The pandemic and resulting lock-downs briefly halted the bombardment of fly-less-for-the-good-of-the-planet messages that was taking place in the fall of 2019. Hubby and I were in Ireland during the peak, enjoying a hard-earned vacation, while at the same time environmental activists were boarding airplanes to protest flights.
I’m an environmentalist myself, so have no quarrel with Greta Thunberg’s intent, but I feel she was choosing easy targets, not the planet’s biggest perpetrators — toxic chemical and plastics manufacturers like Monsanto and DuPont, the cruise ships that dump so much garbage in the ocean, the palm oil manufacturers mowing down acres and acres of rainforest…the list is long. Nevertheless, her growing movement did spur airlines to look at more environmentally-friendly ways to operate, and that was a good start.
I feel that travel is a force for good on our planet, when it’s performed with the goal of exploring another culture with thoughtfulness and authenticity. Putting an end to travel isn’t the solution.
Methods of travel that have less environmental impact are good choices when possible. To that end, my hubby and I decided to take a train to get to New Mexico this fall instead of flying. We’d actually planned to take this trip two years ago, but of course were unable to. The allure of taking a train all the way from Chicago to Albuquerque while doing nothing but watch the landscapes of the American Midwest roll by the big window in our onboard bedroom and enjoying three chef-cooked meals was irresistible, and we’d be taking a journey that left a smaller imprint on the environment.
We booked the trip on Amtrak’s Southwest Chief train last spring with great anticipation, and have been eagerly telling all of our family and friends about it ever since. The rest of the vacation in New Mexico has all been booked; everything is in place for a truly wonderful adventure within a few weeks.
However, in mid-August we received the following message from Amtrak:
“We wanted to let you know that the Sleeper Car has been removed from train #0003, the Southwest Chief, from Chicago, Illinois on xxx (date). We’ve changed your reservation to standard Coach seating and will refund you for the price difference.
We’re sorry for the inconvenience. Thanks for being a valued Amtrak customer – we’ll see you onboard.”
Hubby and I were stunned. They just arbitrarily removed the sleeper car? Twenty-five hours in coach seating was not what we’d booked. If it wasn’t an overnight journey, that might have been okay, but we’d wanted the full sleeper experience, with dining-room meals, not snacks from the Cafe for more than a day.
I called customer service at Amtrak to tell them their alternative was unacceptable. The best they could offer us was a Roomette a day earlier, also unacceptable because the Roomette is much smaller than the Bedrooms and not the comfortable experience we wanted, or a Bedroom THREE WEEKS LATER. I explained patiently that all of our other travel arrangements have been made, that changing the entire thing to a later date isn’t possible. The fellow at the other end of the phone said he was sorry.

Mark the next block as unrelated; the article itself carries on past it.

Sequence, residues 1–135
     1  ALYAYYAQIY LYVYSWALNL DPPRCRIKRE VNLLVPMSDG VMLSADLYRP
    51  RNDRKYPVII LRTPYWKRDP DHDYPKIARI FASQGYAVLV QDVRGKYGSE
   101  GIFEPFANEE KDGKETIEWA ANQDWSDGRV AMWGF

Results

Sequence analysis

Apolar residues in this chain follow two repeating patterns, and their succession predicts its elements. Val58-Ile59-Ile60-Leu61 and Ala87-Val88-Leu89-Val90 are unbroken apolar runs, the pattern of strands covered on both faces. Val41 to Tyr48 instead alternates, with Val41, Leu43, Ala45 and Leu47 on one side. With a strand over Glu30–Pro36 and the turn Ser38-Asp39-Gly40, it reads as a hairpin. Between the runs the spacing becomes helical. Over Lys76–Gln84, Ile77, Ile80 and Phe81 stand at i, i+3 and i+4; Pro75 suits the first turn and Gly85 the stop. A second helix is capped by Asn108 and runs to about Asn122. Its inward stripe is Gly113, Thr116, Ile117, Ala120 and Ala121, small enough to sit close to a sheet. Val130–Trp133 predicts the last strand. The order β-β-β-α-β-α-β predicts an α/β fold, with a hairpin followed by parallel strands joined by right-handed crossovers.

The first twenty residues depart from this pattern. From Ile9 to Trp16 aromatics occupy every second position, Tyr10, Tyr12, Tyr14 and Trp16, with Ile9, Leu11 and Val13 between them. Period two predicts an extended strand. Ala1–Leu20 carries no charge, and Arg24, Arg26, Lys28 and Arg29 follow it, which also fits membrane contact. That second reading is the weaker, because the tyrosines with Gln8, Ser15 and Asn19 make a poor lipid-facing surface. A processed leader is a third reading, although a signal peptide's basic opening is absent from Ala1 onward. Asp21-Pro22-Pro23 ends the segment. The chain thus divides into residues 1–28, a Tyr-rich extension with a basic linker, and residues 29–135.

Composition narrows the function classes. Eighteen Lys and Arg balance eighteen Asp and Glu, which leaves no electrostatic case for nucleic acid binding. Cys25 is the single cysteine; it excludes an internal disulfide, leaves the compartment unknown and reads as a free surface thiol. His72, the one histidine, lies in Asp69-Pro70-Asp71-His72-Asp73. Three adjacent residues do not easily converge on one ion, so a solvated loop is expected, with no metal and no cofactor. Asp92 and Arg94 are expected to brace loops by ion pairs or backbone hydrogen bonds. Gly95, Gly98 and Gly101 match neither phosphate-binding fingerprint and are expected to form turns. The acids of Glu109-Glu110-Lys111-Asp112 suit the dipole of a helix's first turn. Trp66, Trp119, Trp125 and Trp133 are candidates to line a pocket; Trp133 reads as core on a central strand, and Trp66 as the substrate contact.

I told him that “sorry” wasn’t good enough, that we’d been looking forward to this train journey for three years. I told him that we’d now have to tell all of our friends and family why we were no longer able to take an amazing train ride to New Mexico. I told him that Amtrak has lost us as a customer forever, because our very first experience with them had been aborted before we even got on the train; why would we ever book another journey when Amtrak clearly couldn’t be relied on to provide it? He keep saying “sorry”.
When I said we were cancelling completely, he processed a full refund on the spot, so no complaints about that aspect. But he finished by reiterating “Thank you for choosing Amtrak.” Seriously? The best I could say was, “I’m sorry we did.”
Well, so much for our attempt to travel with a smaller footprint. Our vacation isn’t a bust — we’ve booked a flight instead, and are still very much looking forward to the trip. We’re sad that we won’t be able to take what looked to be a really enchanting train ride. When the message from Amtrak thanked us for ‘being a valued Amtrak customer’, obviously they didn’t mean it — the company made no attempt to try and keep our business.
It’s all well and good to try making less of an impact through travel, but it’s also incumbent on transportation providers to keep up their end of the bargain. Good work is taking place in the travel industry, there’s no question. But until all the parties are committed, options for concerned travellers are limited.
All photos are by me unless otherwise specified, and all rights are reserved. E. Jurus
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